Stocks have boomed to kick off the new week as the Dow Jones Industrial Average (DJINDICES: ^DJI ) has gone on a tear since the opening bell sounded. As of 2:15 p.m. EDT, the Dow has jumped 125 points, with all but a handful of its 30 member stocks in the green so far. Today's biggest stock stories have come from outside the Dow Jones, however, after Citigroup (NYSE: C ) walloped Wall Street earnings forecasts and Abbott Labs (NYSE: ABT ) and generic-drug maker Mylan (NASDAQ: MYL ) agreed to a big deal. Let's catch up on what you need to know.
Citi keeps earnings season rolling
Citigroup topped earnings expectations in its second-quarter results, pushing the bank stock higher by 3% on the day. The company's $1.24 in adjusted per-share net earnings soundly smashed average analyst projections of $1.05, and trading revenue at Citigroup fell less than expected, declining 16% year over year after company leadership had projected a much wider loss.
However, Citigroup's $7 billion settlement with the Department of Justice has dominated the news on this big bank today. The company's agreement with the government will resolve potential lawsuits against the bank regarding the sale of mortgage securities before the 2008 financial crisis. Citi noted that the deal, which includes a cash penalty of $4 billion, cost the company $3.8 billion in pre-tax earnings for the second quarter. That slammed the firm's unadjusted earnings today -- Citi managed net income of only $181 million, a giant drop-off from the quarter a year ago -- but the settlement will allow the bank and its investors to move on from the storm cloud of government investigation.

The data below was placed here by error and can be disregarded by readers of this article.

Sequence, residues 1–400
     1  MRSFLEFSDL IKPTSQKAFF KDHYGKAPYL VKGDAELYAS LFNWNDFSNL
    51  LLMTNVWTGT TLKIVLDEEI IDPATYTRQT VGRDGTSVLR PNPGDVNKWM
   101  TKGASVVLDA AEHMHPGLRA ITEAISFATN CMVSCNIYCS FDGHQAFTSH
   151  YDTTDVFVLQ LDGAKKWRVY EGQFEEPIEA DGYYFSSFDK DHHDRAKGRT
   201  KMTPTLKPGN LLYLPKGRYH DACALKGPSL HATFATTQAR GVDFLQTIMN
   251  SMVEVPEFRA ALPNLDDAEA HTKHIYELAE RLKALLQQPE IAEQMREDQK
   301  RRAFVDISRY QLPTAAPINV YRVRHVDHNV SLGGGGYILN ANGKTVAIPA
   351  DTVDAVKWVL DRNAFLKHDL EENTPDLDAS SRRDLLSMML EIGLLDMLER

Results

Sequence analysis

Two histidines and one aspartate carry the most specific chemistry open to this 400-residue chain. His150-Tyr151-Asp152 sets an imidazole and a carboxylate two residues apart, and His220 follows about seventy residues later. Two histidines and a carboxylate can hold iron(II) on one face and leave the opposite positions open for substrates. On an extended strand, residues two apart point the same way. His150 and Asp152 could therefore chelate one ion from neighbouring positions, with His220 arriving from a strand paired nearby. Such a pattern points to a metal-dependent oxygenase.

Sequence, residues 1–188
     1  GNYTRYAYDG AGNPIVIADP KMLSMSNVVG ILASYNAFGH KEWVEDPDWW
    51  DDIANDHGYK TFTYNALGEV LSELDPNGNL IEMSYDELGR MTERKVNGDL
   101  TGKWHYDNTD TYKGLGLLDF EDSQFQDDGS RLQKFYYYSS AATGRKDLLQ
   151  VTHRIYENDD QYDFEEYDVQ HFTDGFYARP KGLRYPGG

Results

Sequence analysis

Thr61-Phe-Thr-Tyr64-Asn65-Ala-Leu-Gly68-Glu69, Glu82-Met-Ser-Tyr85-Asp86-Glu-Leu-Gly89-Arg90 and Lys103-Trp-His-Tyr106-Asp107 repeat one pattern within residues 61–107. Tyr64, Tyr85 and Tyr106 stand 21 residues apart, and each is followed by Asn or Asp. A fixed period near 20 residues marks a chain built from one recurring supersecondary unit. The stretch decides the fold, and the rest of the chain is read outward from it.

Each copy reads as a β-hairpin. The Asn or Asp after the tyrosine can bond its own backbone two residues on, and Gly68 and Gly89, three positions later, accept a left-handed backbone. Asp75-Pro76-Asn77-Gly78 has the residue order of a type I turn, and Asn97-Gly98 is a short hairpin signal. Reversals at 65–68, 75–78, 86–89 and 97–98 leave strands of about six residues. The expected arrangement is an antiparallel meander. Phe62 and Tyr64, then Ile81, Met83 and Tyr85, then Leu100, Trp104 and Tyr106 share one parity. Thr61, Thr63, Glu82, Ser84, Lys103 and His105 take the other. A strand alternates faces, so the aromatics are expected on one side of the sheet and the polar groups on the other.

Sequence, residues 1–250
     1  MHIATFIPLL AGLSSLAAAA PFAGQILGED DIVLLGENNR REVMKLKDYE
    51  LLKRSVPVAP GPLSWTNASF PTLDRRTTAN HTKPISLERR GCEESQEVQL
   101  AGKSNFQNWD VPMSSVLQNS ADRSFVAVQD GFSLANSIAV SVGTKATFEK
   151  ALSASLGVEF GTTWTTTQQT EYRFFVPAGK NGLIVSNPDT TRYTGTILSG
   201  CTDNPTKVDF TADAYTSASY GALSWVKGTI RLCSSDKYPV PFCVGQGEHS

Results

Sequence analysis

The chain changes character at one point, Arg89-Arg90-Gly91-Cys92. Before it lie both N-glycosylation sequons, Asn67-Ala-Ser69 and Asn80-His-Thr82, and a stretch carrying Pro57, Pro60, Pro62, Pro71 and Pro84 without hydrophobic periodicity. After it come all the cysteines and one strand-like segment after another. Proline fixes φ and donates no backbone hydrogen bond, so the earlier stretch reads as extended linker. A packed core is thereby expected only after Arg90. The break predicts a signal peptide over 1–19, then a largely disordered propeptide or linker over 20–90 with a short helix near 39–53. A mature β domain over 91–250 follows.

Elsewhere around the market today, Abbott Labs is making waves around Wall Street, although the health care stock has climbed just 0.8% on the day. Abbott agreed to sell part of its established drug business to generic-drug giant Mylan in a deal worth more than $5 billion. It's an important step forward for Abbott and its investors, as the company's generic-drug business has been a drag on growth lately. In the first quarter, the unit saw sales decline by more than 6% year over year, hit hard by currency exchanges, as Abbott's generics business operates solely outside of the U.S.
Even on operational growth, however, the business saw sales slip by nearly 1% year over year, making it Abbott's second-worst-performing unit for the quarter after nutritionals, which were largely affected by a supplier recall. In the long term, the generics business isn't a growth driver for Abbott or its shareholders, and selling off part of the unit will allow the company to focus on higher-growth areas such as diagnostics and nutrition.
It's also a great deal for Mylan, however. The company plans to combine its existing business with the assets it picked up from Abbott to launch a new company incorporated in the Netherlands. There, Mylan projects it will lower its tax rate from 25% to around 21% in the first full year of operations, with further tax reductions likely to come down the road. Mylan expects the purchase to add nearly $2 billion worth of revenue to the company's portfolio once the deal is closed, helping the company gain more traction outside of the U.S. In all, it's a sound deal for both parties -- and for shareholders of each.
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